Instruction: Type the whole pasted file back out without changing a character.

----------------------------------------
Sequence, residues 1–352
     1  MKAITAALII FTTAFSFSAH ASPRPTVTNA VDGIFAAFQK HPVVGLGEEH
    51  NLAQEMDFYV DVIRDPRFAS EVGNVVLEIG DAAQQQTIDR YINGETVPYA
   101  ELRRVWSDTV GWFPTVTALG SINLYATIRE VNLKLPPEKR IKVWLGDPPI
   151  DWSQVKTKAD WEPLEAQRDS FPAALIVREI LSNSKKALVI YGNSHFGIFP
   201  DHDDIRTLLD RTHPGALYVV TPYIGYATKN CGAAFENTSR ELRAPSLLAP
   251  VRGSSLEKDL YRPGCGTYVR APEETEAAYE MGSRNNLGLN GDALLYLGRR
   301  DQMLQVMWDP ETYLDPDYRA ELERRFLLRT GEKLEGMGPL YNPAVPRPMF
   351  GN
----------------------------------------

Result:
Sequence, residues 1–352
     1  MKAITAALII FTTAFSFSAH ASPRPTVTNA VDGIFAAFQK HPVVGLGEEH
    51  NLAQEMDFYV DVIRDPRFAS EVGNVVLEIG DAAQQQTIDR YINGETVPYA
   101  ELRRVWSDTV GWFPTVTALG SINLYATIRE VNLKLPPEKR IKVWLGDPPI
   151  DWSQVKTKAD WEPLEAQRDS FPAALIVREI LSNSKKALVI YGNSHFGIFP
   201  DHDDIRTLLD RTHPGALYVV TPYIGYATKN CGAAFENTSR ELRAPSLLAP
   251  VRGSSLEKDL YRPGCGTYVR APEETEAAYE MGSRNNLGLN GDALLYLGRR
   301  DQMLQVMWDP ETYLDPDYRA ELERRFLLRT GEKLEGMGPL YNPAVPRPMF
   351  GN